You want some ribs and smoked beans to go with those cinnamon rolls and iced sugar rosettes? Front Porch Bakery in Claremore has you covered.
The evolution of the full-service bakery and barbecue joint goes back five years for Melissa and Matt Holt.
“My mom was getting ready for her birthday, and she had told me months before that it had been years since she had a raisin pie,” Melissa Holt said. “I went to the cabinet and didn’t have anything to make the pie, so I called my friend who had this little bakery she had purchased three months earlier.”
The bakery was Ol’ Dutchman’s Bakery that had operated out of a 700-square-foot building for many years about 2 miles north of downtown Claremore on Oklahoma 66.
“When I went to pick up the pie, I told my friend I had left my corporate job and was looking for something more physical, something I wouldn’t have to sit in a chair,” Holt said. “You have to be careful what you pray for because she said, ‘Oh, my gosh, you should buy my bakery,’ and a week later, we owned the bakery.”
Not long after, in stepped Matt with an unconventional idea.
“He and his boss thought it would be a wise idea to put a smoker out front and sell barbecue,” Holt said. “That was the middle of July, and by the first of October, he had so much business that he quit his job as a welder and supervisor and started smoking full time. It just went on from there.”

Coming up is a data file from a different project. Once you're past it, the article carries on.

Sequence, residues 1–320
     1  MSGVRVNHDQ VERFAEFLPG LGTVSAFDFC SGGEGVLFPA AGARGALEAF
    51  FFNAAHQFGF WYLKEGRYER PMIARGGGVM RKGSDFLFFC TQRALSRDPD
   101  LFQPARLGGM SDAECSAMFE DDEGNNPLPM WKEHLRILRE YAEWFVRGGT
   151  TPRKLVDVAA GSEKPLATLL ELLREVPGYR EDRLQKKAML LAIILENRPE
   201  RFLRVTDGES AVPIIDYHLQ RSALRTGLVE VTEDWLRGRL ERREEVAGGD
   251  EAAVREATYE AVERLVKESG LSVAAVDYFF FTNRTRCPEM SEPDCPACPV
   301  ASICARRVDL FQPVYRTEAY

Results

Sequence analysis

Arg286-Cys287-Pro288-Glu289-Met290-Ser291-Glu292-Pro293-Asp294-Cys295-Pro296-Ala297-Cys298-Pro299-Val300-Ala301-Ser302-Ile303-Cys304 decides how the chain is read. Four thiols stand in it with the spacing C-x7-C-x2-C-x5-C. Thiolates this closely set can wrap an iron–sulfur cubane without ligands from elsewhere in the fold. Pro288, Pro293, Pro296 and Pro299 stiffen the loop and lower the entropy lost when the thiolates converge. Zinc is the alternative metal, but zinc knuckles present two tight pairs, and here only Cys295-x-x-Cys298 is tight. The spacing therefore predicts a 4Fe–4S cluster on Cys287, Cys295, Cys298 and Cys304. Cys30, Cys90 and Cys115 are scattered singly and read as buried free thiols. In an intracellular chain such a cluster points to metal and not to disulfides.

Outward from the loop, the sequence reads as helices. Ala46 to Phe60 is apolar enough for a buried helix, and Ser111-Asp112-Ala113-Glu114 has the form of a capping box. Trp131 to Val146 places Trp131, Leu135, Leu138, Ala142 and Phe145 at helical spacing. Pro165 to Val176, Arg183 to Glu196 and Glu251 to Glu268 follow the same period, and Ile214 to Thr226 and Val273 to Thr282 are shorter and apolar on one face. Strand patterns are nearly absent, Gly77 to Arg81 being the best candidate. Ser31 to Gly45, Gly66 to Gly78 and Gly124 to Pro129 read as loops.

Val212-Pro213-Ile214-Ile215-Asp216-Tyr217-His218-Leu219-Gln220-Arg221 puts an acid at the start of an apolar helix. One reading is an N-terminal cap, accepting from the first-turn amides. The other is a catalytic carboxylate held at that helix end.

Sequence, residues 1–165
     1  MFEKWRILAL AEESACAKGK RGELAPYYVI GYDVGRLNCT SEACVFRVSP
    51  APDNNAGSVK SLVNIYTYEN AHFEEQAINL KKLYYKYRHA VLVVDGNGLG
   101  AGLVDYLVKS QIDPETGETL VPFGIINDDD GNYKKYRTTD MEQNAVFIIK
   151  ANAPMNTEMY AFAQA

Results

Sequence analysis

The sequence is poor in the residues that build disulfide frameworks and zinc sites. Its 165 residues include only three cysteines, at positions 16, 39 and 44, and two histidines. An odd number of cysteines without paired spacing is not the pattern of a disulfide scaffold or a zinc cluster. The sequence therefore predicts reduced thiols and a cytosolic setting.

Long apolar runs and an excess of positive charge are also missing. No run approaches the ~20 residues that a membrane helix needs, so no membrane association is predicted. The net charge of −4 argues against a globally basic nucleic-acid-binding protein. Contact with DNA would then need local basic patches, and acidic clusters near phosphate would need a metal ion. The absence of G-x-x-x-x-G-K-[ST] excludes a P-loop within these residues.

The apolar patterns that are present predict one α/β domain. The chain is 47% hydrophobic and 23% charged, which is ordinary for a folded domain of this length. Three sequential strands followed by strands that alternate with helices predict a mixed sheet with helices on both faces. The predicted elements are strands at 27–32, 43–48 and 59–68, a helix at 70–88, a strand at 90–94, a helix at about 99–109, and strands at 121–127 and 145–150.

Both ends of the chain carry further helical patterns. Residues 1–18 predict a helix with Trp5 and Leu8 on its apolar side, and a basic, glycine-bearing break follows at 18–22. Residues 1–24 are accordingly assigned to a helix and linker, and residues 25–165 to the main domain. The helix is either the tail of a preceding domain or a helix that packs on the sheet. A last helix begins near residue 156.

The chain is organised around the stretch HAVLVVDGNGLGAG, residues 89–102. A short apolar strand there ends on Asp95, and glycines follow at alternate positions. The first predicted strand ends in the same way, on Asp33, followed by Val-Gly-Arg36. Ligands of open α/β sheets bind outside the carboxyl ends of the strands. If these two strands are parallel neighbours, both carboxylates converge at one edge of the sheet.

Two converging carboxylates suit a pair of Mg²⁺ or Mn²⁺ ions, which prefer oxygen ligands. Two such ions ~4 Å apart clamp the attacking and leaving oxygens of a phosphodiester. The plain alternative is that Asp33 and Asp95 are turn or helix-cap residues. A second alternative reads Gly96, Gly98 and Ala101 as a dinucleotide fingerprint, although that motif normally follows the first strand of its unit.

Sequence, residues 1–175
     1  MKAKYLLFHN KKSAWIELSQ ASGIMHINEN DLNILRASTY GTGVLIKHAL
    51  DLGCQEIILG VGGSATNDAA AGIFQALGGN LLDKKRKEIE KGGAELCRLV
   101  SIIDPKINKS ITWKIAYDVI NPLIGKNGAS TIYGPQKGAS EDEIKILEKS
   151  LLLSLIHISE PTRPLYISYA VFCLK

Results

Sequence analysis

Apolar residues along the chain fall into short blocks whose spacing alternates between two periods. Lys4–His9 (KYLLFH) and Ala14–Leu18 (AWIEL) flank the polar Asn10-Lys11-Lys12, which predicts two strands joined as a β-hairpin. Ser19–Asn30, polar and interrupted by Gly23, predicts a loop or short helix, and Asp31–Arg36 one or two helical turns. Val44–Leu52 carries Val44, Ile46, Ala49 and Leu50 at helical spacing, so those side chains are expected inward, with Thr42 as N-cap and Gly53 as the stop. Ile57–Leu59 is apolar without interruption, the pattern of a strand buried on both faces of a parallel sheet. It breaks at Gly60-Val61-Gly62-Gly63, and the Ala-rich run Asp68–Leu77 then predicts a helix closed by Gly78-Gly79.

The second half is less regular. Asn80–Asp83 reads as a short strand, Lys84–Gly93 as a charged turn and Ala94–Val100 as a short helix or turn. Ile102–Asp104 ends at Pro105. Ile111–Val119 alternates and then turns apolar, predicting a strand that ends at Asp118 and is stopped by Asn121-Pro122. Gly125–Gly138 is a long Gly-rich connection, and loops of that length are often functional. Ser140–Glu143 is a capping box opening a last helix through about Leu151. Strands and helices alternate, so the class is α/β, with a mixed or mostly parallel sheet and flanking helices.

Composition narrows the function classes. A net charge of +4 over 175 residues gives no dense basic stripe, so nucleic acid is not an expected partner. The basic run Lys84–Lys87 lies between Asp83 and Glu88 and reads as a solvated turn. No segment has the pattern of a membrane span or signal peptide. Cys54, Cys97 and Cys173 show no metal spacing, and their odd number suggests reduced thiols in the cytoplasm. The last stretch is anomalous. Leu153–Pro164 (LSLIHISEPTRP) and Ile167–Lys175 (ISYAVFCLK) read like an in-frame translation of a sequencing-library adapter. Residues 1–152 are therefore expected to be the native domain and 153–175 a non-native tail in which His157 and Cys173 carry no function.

By 2019, the Holts had outgrown their space and started construction on a much larger building on the same property. They moved into their new digs the week before Thanksgiving last year.
Almost all items are prepackaged for takeout, and the selection at first glance is overwhelming.
On the bakery side, customers will find shelves of house-made breads and display cases full of cookies (including keto cookies), cinnamon rolls, brownies, cakes, cheesecakes, pies and strawberry shortcake, to name a few.
Three new, huge smokers on the screened-in back porch turn out pork spare ribs, smoked meatloaf, bologna, brisket, hot links, pulled pork, bratwurst, corn on the cob, baked beans and cabbage.
Other savory items include queso, soups, salads, cotton candy and fudge. Some branded items include salsas, pickled okra, candy, jellies and jams. Amid all of this, it’s easy to overlook the house-made ice cream ($7 a quart).
During a recent visit, we picked up a rack of ribs ($19.99), a quart of smoked beans ($5.99) and a quart of chicken noodle soup ($8.99).
The ribs were long and meaty and had enough fat for good flavor. The smoky beans were dotted with bits of pork, and the soup alone was worth the trip. It was thick with noodles and chunks of tender chicken in a pleasing broth that wasn’t too salty.
I was interested in the smoked bologna ($5.99 a pound) and the smoked meatloaf ($8.99 a pound), but those will have to wait for another trip, as well as the breads and pies.
The new red and gray building does not have exterior signage, but a small Ol’ Dutchman’s Bakery sign still is on a pole in the parking lot.
“We’ve had people from Tulsa, Bixby, Broken Arrow, Owasso, Collinsville and all the way from Bartlesville,” Holt said. “We have great customers.
“My mom, Phyllis, and Matt’s mom, Geneva, who passed a little over a year ago, bought in to this little thing we started and were such supporters from the beginning. Brothers and sisters and other family members help, too. If they aren’t painting or moving something, they will work the cash register. It’s a blessing.”
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